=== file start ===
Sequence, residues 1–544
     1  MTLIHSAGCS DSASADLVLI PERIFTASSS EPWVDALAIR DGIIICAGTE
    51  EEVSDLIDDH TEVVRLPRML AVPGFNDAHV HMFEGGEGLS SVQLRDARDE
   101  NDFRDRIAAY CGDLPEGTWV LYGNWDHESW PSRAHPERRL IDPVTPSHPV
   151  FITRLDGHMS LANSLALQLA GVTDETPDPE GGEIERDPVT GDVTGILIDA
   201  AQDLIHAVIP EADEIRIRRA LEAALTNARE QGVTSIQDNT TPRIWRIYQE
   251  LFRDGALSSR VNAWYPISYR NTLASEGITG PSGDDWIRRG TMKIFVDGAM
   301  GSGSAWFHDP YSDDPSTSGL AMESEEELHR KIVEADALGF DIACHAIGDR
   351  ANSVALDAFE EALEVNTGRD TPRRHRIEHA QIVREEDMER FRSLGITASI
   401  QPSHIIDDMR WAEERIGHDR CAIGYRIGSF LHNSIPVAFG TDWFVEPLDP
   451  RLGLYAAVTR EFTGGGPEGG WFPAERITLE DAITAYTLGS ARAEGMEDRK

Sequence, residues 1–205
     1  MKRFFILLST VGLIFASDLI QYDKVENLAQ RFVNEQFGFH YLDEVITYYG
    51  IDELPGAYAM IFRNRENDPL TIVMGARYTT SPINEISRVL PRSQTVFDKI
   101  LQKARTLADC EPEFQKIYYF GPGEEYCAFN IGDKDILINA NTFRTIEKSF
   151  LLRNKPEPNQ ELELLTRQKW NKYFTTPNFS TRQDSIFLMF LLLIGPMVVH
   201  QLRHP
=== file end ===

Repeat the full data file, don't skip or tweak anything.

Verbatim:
Sequence, residues 1–544
     1  MTLIHSAGCS DSASADLVLI PERIFTASSS EPWVDALAIR DGIIICAGTE
    51  EEVSDLIDDH TEVVRLPRML AVPGFNDAHV HMFEGGEGLS SVQLRDARDE
   101  NDFRDRIAAY CGDLPEGTWV LYGNWDHESW PSRAHPERRL IDPVTPSHPV
   151  FITRLDGHMS LANSLALQLA GVTDETPDPE GGEIERDPVT GDVTGILIDA
   201  AQDLIHAVIP EADEIRIRRA LEAALTNARE QGVTSIQDNT TPRIWRIYQE
   251  LFRDGALSSR VNAWYPISYR NTLASEGITG PSGDDWIRRG TMKIFVDGAM
   301  GSGSAWFHDP YSDDPSTSGL AMESEEELHR KIVEADALGF DIACHAIGDR
   351  ANSVALDAFE EALEVNTGRD TPRRHRIEHA QIVREEDMER FRSLGITASI
   401  QPSHIIDDMR WAEERIGHDR CAIGYRIGSF LHNSIPVAFG TDWFVEPLDP
   451  RLGLYAAVTR EFTGGGPEGG WFPAERITLE DAITAYTLGS ARAEGMEDRK

Sequence, residues 1–205
     1  MKRFFILLST VGLIFASDLI QYDKVENLAQ RFVNEQFGFH YLDEVITYYG
    51  IDELPGAYAM IFRNRENDPL TIVMGARYTT SPINEISRVL PRSQTVFDKI
   101  LQKARTLADC EPEFQKIYYF GPGEEYCAFN IGDKDILINA NTFRTIEKSF
   151  LLRNKPEPNQ ELELLTRQKW NKYFTTPNFS TRQDSIFLMF LLLIGPMVVH
   201  QLRHP